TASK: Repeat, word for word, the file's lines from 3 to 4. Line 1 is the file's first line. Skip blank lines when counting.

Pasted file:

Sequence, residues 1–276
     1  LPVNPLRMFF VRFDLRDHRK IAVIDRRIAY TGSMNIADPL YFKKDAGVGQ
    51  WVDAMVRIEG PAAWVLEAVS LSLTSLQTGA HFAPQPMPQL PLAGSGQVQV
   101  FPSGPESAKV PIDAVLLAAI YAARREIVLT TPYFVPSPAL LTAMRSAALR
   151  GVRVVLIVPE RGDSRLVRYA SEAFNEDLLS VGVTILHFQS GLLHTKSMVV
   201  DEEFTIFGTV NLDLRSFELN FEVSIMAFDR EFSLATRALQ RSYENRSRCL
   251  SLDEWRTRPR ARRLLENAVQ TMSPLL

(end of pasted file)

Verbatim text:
    51  WVDAMVRIEG PAAWVLEAVS LSLTSLQTGA HFAPQPMPQL PLAGSGQVQV
   101  FPSGPESAKV PIDAVLLAAI YAARREIVLT TPYFVPSPAL LTAMRSAALR